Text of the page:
Ex-husband's attorney: "Objection withdrawn"
Ex-wife: "Why yes, the manager told me I was in line for a $10,000 raise with my new position."
For those of you who are thinking that I improperly injected myself into the trial, this was a bench trial. If I had sustained that objection, given the first words out of her mouth, I would have asked the question myself since, after all, our goal is the truth.
Now, if the ex-husband's attorney was going to call the manager of the dealership to say that, instead of a $10,000 raise, she was getting a $20,000 raise, then the objection was well founded.
However, the attorneys told me that the only witnesses would be their clients. So, I knew that was not the case. The best evidence of her improved financial condition was from her. Had I sustained the objection it would have hurt the objecting attorney's case.
Automatically objecting to any out-of-court statement not made by a party regardless of who said it or the content of what was said can sometimes hurt your case. All hearsay is not created equal.
Asked and Answered
I have heard audible sighs of appreciation from both jurors and judges to this objection. I do jury surveys after every case. The number one complaint is that attorneys are too repetitious. If the other counsel keeps plowing the same ground, you may win points with judges and juries by the judicious use of, "Objection, asked and answered."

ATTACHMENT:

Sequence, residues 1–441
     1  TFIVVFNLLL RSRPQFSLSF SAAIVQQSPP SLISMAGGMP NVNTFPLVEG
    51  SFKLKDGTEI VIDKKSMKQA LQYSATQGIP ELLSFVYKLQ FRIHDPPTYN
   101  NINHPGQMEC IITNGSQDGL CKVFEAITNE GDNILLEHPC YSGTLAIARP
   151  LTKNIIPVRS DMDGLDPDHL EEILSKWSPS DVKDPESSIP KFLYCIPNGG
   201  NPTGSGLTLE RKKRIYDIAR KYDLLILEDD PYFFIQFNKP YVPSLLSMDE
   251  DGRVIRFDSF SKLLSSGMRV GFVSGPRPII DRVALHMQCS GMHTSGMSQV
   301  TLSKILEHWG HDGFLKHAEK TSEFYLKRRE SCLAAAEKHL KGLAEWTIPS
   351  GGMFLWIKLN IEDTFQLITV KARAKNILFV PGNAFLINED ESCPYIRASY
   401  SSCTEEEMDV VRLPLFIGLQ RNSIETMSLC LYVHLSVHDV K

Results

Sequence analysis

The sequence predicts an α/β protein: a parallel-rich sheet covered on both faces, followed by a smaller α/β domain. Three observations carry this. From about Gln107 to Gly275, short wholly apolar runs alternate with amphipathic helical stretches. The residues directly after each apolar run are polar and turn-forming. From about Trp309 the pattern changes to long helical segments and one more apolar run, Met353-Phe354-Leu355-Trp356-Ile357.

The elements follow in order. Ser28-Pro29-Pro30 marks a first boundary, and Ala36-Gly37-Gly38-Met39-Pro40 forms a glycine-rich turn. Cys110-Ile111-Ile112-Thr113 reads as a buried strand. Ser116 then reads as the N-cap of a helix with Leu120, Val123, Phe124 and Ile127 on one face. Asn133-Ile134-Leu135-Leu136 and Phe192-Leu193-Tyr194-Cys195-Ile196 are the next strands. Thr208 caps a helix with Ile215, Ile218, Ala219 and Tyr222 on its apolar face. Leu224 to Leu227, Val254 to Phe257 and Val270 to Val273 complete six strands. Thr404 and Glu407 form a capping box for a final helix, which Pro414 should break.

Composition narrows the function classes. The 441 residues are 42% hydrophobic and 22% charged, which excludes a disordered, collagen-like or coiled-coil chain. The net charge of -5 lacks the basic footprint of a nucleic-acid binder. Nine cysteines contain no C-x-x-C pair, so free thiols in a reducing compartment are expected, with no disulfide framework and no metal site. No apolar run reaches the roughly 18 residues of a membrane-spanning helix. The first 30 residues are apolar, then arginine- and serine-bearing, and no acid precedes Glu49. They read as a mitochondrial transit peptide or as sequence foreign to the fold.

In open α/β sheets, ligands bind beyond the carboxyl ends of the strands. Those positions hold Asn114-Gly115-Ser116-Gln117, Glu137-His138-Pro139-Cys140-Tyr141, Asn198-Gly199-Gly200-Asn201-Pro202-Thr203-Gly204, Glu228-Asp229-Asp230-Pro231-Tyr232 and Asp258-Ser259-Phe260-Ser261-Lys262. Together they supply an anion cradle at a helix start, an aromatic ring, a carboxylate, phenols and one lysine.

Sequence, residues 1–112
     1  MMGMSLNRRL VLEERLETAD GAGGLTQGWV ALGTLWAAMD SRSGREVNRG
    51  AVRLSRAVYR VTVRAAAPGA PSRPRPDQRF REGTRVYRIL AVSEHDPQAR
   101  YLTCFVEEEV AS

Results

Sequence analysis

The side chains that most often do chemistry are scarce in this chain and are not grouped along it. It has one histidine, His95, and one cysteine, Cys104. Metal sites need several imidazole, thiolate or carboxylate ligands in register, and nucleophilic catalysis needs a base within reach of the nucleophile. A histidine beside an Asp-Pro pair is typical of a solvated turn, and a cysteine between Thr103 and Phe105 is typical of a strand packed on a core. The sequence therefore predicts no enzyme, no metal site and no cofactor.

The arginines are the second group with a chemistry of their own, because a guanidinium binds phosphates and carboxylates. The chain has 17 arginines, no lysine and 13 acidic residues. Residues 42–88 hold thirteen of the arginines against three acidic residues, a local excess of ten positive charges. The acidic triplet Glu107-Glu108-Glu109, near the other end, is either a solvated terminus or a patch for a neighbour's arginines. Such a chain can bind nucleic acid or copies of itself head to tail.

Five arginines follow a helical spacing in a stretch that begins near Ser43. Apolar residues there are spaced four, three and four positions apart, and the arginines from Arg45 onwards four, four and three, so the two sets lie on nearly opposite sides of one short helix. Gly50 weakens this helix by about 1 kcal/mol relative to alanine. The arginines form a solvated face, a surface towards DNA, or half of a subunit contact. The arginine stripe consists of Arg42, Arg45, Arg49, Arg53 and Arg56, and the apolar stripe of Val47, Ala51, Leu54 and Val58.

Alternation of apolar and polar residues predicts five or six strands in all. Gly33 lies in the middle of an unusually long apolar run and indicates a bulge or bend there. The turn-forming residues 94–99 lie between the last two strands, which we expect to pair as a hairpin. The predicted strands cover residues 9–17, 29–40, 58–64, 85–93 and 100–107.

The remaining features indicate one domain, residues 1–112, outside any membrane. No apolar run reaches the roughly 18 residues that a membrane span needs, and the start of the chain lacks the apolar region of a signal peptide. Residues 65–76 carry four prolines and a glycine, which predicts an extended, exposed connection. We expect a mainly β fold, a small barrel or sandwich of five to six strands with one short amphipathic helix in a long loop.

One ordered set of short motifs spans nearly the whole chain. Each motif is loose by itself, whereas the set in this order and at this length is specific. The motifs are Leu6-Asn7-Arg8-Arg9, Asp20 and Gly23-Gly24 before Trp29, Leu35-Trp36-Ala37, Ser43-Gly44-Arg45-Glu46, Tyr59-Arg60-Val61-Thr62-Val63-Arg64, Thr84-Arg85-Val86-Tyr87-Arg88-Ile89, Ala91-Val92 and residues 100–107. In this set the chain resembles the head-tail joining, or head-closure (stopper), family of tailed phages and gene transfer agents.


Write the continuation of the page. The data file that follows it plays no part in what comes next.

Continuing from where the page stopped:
I believe there are 3 levels of leading questions. Let's take an assault with a deadly weapon case. Total leading is asking the victim, "Now, as he walked through the door you saw a gun in his hand, didn't you?"
Middle level leading would be, "Now, when he walked through the door what, if anything, did he have in his hand?" Some attorneys argue that the addition of, "if anything" make it not leading because the answer in not included in the question.
I, and most judges I practiced in front of, view this middle level leading, and whether it is sustained or not, dependent upon how crucial the information is to the case. If not crucial, I would probably let it go.
However, since the gun in my example is a crucial element I will probably sustain that objection and require counsel to ask the question in a totally non-leading manner such as, "Now, after he walked through the door, tell us, what did you see?"
Even more egregious is the belief that the phrase, "did he or did he not" cures the problem since the witness has two options. Such as, "So, when he walked through the door, did he or did he not, have a gun in his hand." Sustained!
It has been my experience that most of the leading happens in divorce court. In fact, with some attorneys I feel we might as well swear in the attorneys and just have them testify. On a side note, I have often jokingly threatened to impose a waiver rule on leading questions. That is, if you ask your own client in excess of 50 leading questions, you forfeit all right to object to leading on the other side. I have yet to enforce that rule, but it is so refreshing to hear questions that begin with, "who, what, where, when, why, how, etc."